Introduction: Repurposed Christmas Tree Lighting, Neon (Illuminated) Paper "On Air" Light Box

About: I'm an artist, designer and high school teacher. I teach digital media and graphic design. I love to create. I love working with wood, paper, clay, pen and ink, photography, videography and beyond. There is a…

ON AIR Warning Light for Home, Studio, or Kids Room


Approximately 10" Wide 4.25" Tall 5.5" Deep

Warning Lights uses 50 x red LED Christmas lights

We have had for years now, an old set of Christmas tree lights, that were just not being used. So repurposed them for a new project in the house. This first set, we actually found at a garage sale, still in the box, though they still sell these. I recently began recording again in the house and needed a few "ON AIR" warning lights, to let my wife know when to be careful with the noise. These units are actually voice-activated, as I hooked them up to smart plugs and the smart plugs hooked up to Alexa. "Alexa, I'm recording" turns on all of the "ON AIR warning lights, in the basement office, the kitchen and living room. "Alexa, I'm done recording" turns on all of the "ON AIR warning lights.

In the first image, you see how I laid out the multiple designs required to create the warning lights, that I have now also made to say other things, using other lighting units we already had in the house. I used adobe illustrator to cut the templates of the faceplates, backplate and a separate template for the lights themselves. All of these files will be available, (should you need your own warning lights like this) on my facebook group page. They are SVG files that can be used with the Cricut Maker or similar device/plotter.

Link here:

YouTube Channel:

Step 1: Building the Frontal Faceplate for the Neon (illuminated) Sign

After the pieces have been cut out, the pieces are cut backwards, so that we can glue a piece of paper onto the back of the faceplate. This is where the light will shine onto and glow red. The layers of paper that the box is made from will hold back the light perfectly. I piece of paper is carefully glued down. The image with the pink lines shows how the glue is placed onto the back of the faceplate, making sure you glue each of the letter "islands" which is what I call the floating centers of letters such as A,Q,R,O,P,D,B,4,6,8,9,0 (depending how you write these letters and digits. The glue and paper will keep all of the elements together when you lift the faceplate from the cutting mat.

Step 2: Making the Light Holding Template

I glue 2 or 3 hole templates together. This will hold quite firmly, the LED's into place, without issue, but I then run a small bead of super glue around the lights to make sure they do not move or fall out of place, once assembled.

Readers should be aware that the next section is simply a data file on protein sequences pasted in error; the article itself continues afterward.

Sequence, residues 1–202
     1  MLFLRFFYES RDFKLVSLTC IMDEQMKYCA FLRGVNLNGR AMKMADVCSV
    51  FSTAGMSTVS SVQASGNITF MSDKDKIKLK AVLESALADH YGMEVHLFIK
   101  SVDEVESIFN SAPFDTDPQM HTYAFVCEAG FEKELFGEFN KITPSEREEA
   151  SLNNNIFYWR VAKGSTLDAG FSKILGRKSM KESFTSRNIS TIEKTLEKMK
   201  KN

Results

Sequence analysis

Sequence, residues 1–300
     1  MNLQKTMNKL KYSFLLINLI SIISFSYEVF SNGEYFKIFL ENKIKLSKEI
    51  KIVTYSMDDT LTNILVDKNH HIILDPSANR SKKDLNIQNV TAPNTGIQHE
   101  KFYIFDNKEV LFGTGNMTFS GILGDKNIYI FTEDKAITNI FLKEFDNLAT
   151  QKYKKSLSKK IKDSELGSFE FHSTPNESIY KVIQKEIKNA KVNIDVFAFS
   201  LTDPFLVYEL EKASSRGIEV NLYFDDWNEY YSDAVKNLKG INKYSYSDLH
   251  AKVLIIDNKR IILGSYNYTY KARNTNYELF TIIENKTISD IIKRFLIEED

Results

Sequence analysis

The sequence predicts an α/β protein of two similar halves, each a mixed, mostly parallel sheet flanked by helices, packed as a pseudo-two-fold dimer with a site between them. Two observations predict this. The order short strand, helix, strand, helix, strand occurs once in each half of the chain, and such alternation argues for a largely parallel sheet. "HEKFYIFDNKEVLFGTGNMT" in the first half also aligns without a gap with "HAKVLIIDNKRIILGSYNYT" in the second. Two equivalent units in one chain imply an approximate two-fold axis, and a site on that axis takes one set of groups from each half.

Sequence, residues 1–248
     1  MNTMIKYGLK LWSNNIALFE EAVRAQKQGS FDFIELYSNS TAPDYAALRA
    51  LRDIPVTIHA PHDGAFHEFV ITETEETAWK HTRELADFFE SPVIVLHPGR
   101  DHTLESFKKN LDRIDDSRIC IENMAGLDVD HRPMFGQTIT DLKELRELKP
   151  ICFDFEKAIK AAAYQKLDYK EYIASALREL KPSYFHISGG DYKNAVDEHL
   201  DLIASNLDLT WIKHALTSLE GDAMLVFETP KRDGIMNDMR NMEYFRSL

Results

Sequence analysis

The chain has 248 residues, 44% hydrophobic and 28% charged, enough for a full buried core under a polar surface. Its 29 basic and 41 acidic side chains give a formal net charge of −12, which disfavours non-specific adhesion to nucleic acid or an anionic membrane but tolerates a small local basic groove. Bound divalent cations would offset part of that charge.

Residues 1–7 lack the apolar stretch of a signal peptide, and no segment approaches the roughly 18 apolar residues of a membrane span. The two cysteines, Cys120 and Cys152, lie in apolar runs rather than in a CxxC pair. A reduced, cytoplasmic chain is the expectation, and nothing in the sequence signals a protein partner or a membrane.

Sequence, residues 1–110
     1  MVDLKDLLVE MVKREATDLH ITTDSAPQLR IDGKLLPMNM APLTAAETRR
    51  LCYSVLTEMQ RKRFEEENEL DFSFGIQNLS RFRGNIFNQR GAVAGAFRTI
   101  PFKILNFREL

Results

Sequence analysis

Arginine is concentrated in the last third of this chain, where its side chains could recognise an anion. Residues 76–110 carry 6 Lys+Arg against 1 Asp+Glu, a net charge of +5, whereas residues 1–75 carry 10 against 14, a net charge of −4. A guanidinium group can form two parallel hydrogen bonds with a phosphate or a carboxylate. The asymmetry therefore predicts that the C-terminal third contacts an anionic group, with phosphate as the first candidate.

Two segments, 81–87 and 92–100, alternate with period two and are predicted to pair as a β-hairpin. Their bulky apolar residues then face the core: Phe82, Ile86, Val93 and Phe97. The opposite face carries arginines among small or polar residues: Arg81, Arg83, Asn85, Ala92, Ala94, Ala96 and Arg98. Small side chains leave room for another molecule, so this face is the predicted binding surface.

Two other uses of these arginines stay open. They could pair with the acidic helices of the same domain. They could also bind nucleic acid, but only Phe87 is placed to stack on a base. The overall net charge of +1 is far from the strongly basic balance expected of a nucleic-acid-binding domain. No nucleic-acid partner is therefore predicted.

This unit will be placed in the middle of the box when the box is assembled.

I flip the lighting unit over and tape the wires, so they are more tightly compressed, to help save space internally.

Step 3: Measuring Best Dimensions for the Lights of the Neon Warning Light

I turn off all the lights and arrange the lighting and the faceplate, to see what would be a good distance to place the faceplate away from the LEDs. I figured that possibly 3/4 to 1inch would work well, so with that in mind I then cut strips of paper, that will become the outer shell of the Illuminated sign.

Step 4: Placing Paper Strips Around the Outside of the Box

I cut 5 or 6 strips of watercolor paper, about 5.5" wide by about 24" long (which is the length of the watercolor paper pad 18"x24" Canson 140lb watercolor) I begin wrapping the paper around the backplate, which is where the power cable will be poking out of. I place the backplate flat onto a work surface and stand the wrap around the backplate, gluing as I go with a hot glue gun. I cut off the paper at the overlap, but truly there is no need to, as all you need to do later, is to keep wrapping around and around, till the wall thickness is around 4 or 5 layers thick of paper. I then place the power extension cord through the rear slot and hole provided in the adjusted artwork on the SVG. Once assembled, this will make the ON AIR warning light very sturdy indeed. My last layer, will begin in the middle on the bottom of the unit and end at the same place. This is purely for cosmetic reason, so I have a clean outer layer that does not show any seams or joins.

For now, simply use the single wall thickness, so you can build the rest of the sign, then add more layers later.

Step 5: Carefully Add the Lighting Panel of Christmas LED's

Place the lighting unit inside the box, placing it as deep as you figured would look good for this style of sign. I pushed mine around an inch deep, evenly into the box and glue into position, using hot glue.

I then make sure I add a bead of glue to hold the wires firmly in position in the rear, so they do not rip out at any point.

Step 6: Layering the Outer Shell (Case) to Add Strength

I make sure to add enough layers, to make the lightbox very sturdy. The finished box is very strong indeed. The resulting heat from the Christmas LEDs are no hot enough to make the box too hot. I wrap the outer wraps of watercolor paper onto the light unit using Cyanoacrylate glue, which dries in about 20 seconds. This glue is quite solid and unforgiving if you mess up, so be careful with your fingers.

Personally, I love this little warning box. I've called it a neon light because it is something many can relate to, though technically it is certainly not a neon light, as it does not use gases.

Step 7:

Trash to Treasure

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Trash to Treasure